Greswolde Construction has begun work on a state of the art development at Keele University which will allow the School of Medicine to join a select group of institutions offering leading edge facilities which will attract surgeons from across the UK.
The new £2.8 million extension of the Anatomy Skills Facility at The David Weatherall building will mean not only improved facilities for students, but will also offer senior surgeons the chance to improve high level skills in the most up-to-date teaching environment.
“There are very few Universities which have the kind of facilities we are building here and we have already had a great deal of interest from across the UK in booking training places even before this is built,” said Business Manager Margaret Hollins.
The Medical School is already a flagship building on the campus and this development will only increase that high profile,” she aded.
The new facility will be housed in an extension to the existing Medical School building. The complex build will also involve raising the existing single storey IT suite, alterations to office accommodation and high level specialist Mechanical and Electrical installations.
“Our priority will as always be to ensure the safety of students, staff and visitors and to minimise disruption during the project, in line with our usual Building With Care ethos,” said Malcolm Priest, MD of Solihull-based Greswolde Construction, which has a long experience of education and health care building projects.
The project is the latest to be undertaken by Greswolde, who last year completed a £2.3 million nursery on campus and were also responsible for a £2.3 million Chemistry Laboratory in 2009.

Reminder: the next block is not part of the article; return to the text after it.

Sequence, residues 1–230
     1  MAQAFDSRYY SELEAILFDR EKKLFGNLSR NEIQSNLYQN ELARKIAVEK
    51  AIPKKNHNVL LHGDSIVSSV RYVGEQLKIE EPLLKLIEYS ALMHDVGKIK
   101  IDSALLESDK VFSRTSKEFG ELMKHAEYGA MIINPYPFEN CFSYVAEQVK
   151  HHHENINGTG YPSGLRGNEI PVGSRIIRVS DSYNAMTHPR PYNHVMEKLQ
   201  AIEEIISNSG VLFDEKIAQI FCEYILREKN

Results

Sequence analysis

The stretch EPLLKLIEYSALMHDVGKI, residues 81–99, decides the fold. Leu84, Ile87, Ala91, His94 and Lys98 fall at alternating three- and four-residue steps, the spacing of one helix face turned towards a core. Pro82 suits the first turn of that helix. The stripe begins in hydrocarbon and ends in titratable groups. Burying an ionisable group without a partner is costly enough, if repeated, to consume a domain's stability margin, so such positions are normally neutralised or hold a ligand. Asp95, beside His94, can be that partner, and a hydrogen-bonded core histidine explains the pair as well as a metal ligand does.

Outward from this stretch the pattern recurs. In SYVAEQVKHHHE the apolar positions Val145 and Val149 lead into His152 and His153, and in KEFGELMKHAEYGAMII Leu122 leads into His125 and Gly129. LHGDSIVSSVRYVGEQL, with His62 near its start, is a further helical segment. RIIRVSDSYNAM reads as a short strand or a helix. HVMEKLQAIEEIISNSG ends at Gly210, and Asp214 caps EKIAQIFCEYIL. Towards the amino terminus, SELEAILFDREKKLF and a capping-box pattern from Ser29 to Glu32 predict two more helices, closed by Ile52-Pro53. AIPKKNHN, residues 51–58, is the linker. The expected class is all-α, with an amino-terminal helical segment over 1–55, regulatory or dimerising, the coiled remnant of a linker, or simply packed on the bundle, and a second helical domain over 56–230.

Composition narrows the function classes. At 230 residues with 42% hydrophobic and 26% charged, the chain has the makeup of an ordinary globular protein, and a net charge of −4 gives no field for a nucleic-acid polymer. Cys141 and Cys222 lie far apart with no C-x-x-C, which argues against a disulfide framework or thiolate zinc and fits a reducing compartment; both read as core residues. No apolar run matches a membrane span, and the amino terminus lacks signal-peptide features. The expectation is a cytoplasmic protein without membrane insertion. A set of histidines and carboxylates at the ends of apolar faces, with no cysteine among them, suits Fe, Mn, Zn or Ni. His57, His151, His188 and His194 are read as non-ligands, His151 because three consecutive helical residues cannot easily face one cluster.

Head of Projects Cathy Partington commented: ”Greswolde’s previous successful projects were an important consideration in tendering for this latest project. The Construction developments are part of a strategic plan to extend and enhance facilities and to keep Keele University competitive in the future.”
State of the art audio-visual and video capture technology will be built into the heart of the new suite enabling unprecedented opportunities for the detailed viewing and capturing of anatomical procedures.
Touch screens, video editing suites and secure live dissection broadcasts within the Keele network will be provided to enable the students to have the most accurate possible experience of real human physiology at a level not offered in many UK Medical Schools.
Other exciting features include the ability to film trainees practising techniques which they can then review with their trainer, take away digital copies and play at their convenience.
Architect Haydn Robinson from Halliday Meecham revealed the new extension was designed to fit into the existing structure: “All the materials will be in keeping, the aim is not to make this building stand out but to blend in. The main challenges will be around carrying out the work on a live campus adjacent to buildings which will remain in use throughout.”
The work is expected to to be completed in August.